Medicine Monitoring Project

Medicine Monitoring Project

YEARS: 2008 – 2010
THEME: Health

Since 2004 there has been a partnership between the Department of Health (DOH) and NAMFREL with a focus on the procurement, distribution and inventory management of medicines. In 2005 NAMFREL joined the Integrity Development Committee (IDC), DOH’s anti-corruption unit, and NAMFREL volunteers also became members of the regional IDCs of DOH. In a further development in 2006 the partnership was expanded to cover hospital equipment and infrastructure. Recently DOH invited NAMFREL to join their Inspection and Acceptance Committee that ensures that deliveries are consistent with orders placed.

The project was conceived as a pilot to test whether NAMFREL’s extensive network of over 100 local chapters could be used to mobilize citizen in support of a more transparent and efficient system of procuring and stocking medicines in 8 hospitals and 3 Centers for Health Development (CHDs). The project aimed to engage and encourage communities to monitor the delivery of health services and to institutionalize such community monitoring.

NAMFREL used its local chapters as the kernel for engaging local communities in the areas where the 8 hospitals and 3 CHDs were located. Engaging the local communities in this manner was generally successfully accomplished for the 8 hospitals but, for various reasons, not for the 3 CHDs as the schedules of the volunteers made it impossible to combine this with their regular jobs. There were also instances that communications from CHDs to volunteers arrived too late.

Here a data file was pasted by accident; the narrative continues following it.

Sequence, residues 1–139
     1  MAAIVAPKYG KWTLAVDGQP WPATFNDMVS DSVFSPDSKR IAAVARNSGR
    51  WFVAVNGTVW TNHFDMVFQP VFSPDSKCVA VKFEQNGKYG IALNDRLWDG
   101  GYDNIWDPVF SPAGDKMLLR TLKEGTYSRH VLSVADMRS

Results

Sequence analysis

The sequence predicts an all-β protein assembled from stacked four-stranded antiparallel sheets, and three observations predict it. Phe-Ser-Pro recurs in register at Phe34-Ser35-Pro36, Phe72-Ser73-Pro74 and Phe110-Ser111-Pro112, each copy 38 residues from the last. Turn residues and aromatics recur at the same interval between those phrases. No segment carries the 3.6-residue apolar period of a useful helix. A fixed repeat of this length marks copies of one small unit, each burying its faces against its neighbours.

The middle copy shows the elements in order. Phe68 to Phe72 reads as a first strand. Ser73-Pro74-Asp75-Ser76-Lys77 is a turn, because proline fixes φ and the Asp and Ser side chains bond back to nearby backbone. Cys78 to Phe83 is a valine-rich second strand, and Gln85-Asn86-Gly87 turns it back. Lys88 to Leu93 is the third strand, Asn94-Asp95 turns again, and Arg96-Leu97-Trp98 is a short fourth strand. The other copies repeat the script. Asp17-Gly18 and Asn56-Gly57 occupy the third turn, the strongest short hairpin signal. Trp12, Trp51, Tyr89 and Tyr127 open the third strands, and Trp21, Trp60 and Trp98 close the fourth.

Significant challenges were encountered related to the reluctance of some of the hospitals to accept observers and, more generally, the rather passive attitude of DOH towards the project. Project activities were ‘tolerated’ rather than welcomed. Another set of challenges relates to motivating the volunteer observers on a sustained basis and to find the financial means to compensate them for their transport and other cost.

The ultimate measure of the project’s success would be a decline in corruption in the procurement and stock management of medicines. The pilot project has not generated data to establish whether such a reduction did take place although there is anecdotal evidence that the presence of observers has acted as a deterrent to corrupt practices.

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